It’s poetry month and we asked our community to answer 3 important questions, one of them being…
What poem do you recite to yourself when you’re waiting for test results in a doctor’s waiting room?
Because I could not stop for Death –
He kindly stopped for me –
The Carriage held but just Ourselves –
-Emily Dickinson, “Because I Could Not Stop For Death”
Holly Metz, Writer &
Teresa Carson, Poet and CavanKerry Associate Editor
Let the light of late afternoon
shine through chinks in the barn, moving
up the bales as the sun moves down.
-Jane Kenyon, “Let Evening Come”
Irene L. Wells
Executive Assistant, New Jersey State Council on the Arts
The Lord is my shepherd, I lack nothing.
He makes me lie down in green pastures,
he leads me beside quiet waters,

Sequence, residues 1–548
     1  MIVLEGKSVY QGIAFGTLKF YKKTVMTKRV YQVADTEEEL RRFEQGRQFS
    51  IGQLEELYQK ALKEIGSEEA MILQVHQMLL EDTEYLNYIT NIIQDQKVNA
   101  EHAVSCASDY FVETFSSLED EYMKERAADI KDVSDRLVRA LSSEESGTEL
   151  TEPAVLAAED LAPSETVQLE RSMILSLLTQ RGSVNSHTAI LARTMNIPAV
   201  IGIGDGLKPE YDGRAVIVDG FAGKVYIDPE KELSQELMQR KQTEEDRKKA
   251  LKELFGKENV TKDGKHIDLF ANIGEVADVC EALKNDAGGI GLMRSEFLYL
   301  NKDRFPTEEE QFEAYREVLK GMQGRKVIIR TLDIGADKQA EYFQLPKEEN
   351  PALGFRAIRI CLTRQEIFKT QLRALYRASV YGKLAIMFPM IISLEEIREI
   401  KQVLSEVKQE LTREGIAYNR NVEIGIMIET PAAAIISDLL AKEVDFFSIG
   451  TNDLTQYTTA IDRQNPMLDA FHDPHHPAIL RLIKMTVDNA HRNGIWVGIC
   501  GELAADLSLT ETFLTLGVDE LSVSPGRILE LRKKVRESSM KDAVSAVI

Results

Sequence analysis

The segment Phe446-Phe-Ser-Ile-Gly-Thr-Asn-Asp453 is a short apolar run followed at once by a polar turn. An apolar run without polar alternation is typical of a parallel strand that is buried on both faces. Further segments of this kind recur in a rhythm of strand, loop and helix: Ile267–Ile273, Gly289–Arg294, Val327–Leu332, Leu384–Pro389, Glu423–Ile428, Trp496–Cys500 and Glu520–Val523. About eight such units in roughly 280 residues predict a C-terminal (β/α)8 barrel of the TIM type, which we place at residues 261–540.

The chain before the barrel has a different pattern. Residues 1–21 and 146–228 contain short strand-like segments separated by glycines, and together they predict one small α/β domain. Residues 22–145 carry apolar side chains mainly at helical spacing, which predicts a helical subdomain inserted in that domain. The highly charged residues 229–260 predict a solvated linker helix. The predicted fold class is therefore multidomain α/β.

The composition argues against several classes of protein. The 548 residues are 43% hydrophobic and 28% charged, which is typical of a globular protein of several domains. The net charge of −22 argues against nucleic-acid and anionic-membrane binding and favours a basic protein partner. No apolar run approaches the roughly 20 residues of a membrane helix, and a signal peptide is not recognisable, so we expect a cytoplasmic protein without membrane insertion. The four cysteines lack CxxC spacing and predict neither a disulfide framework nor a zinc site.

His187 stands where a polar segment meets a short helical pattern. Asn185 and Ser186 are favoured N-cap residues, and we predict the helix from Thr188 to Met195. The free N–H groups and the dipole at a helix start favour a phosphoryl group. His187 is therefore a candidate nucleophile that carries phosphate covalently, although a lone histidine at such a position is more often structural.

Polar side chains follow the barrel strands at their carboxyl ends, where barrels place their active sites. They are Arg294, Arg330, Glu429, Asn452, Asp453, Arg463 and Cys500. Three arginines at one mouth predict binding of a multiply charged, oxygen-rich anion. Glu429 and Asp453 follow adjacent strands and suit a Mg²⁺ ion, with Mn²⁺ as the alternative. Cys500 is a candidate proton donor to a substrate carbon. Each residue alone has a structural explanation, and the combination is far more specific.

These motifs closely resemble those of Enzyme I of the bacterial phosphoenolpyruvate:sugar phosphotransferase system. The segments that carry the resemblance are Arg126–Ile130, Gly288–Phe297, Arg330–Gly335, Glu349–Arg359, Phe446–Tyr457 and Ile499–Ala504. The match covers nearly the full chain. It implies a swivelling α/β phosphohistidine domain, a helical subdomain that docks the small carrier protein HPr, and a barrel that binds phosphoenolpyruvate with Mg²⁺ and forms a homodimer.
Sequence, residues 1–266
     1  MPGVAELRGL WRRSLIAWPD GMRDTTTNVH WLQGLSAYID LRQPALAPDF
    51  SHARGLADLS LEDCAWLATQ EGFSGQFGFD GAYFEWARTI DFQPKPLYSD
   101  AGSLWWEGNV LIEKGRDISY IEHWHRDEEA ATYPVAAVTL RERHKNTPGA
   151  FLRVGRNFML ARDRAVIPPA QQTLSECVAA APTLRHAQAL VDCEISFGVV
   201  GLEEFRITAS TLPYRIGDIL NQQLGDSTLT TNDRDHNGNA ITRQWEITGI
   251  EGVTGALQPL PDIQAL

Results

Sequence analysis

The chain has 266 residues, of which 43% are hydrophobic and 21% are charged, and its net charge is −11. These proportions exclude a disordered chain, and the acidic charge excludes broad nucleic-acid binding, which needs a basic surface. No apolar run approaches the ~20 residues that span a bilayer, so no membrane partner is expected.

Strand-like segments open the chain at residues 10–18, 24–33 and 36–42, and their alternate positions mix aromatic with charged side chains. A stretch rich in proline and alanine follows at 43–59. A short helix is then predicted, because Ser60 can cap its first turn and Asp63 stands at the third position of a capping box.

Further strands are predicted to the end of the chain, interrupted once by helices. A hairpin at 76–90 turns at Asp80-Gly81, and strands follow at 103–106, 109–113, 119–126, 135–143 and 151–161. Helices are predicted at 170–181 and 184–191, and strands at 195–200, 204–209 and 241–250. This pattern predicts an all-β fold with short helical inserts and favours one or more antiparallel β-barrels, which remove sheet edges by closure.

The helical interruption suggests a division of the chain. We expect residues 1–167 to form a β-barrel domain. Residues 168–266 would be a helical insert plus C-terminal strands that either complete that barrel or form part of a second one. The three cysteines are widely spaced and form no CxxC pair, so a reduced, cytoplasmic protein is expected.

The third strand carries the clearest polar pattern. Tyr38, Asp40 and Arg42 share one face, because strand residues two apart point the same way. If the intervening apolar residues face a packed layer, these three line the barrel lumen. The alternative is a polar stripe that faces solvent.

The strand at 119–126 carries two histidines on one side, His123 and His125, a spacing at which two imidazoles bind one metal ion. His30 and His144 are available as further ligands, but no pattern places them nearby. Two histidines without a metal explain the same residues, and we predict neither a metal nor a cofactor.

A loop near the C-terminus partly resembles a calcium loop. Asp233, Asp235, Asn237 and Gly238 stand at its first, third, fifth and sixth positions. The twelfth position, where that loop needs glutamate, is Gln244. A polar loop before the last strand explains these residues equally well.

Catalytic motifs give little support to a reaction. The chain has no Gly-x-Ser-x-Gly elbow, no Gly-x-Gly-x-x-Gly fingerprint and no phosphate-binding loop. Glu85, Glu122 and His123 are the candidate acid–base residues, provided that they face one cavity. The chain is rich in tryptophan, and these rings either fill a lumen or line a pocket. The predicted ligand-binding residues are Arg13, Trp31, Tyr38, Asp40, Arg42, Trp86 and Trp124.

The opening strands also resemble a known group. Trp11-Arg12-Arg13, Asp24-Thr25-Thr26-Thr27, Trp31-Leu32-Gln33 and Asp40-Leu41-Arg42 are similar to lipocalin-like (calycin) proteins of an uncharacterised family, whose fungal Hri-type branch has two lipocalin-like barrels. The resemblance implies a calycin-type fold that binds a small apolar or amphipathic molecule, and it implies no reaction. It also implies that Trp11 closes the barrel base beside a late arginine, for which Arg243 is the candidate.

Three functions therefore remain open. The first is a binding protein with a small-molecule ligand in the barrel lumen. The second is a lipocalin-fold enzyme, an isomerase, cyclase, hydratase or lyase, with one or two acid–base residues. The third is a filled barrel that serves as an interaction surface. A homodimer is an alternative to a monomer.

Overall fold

he refreshes my soul...
Assistant Professor of Professional Practice and Associate Director of Digital and Public Humanities Initiatives in American Studies and History
You soda crackers! I remember
when I arrived here in the rain,
whipped out and alone.
How we shared the aloneness
and quiet of this house…
-Raymond Carver, “Soda Crackers”
Richard Jeffrey Newman
From Boostan-e Sa’di, by Sa’di of Shiraz, 13th century Iran
A champion one night could not fall asleep.
A local doctor diagnosed his pains,
“Insofar as he ingested leaves
from the vines proliferating here, I’ll be
surprised if he survives to see the sunrise.
Tatar arrows lodged deep within your breast
will prove less painful than consuming food
not well-suited to your digestion’s ‘taste.’
Let one bite become twisted in your bowels,
and it will bring to nothing your whole life!
That same night the doctor died. Forty years
have passed. The champion is alive and well.
—translated by Richard Jeffrey Newman (with G. M. Wickens)
I wake to sleep, and take my waking slow.
I feel my fate in what I cannot fear.
I learn by going where I have to go.
-Theodore Roethke, “The Waking”
To be, or not to be: that is the question:
Whether ’tis nobler in the mind to suffer
The slings and arrows of outrageous fortune,
Or to take arms against a sea of troubles…
-William Shakespeare, Hamlet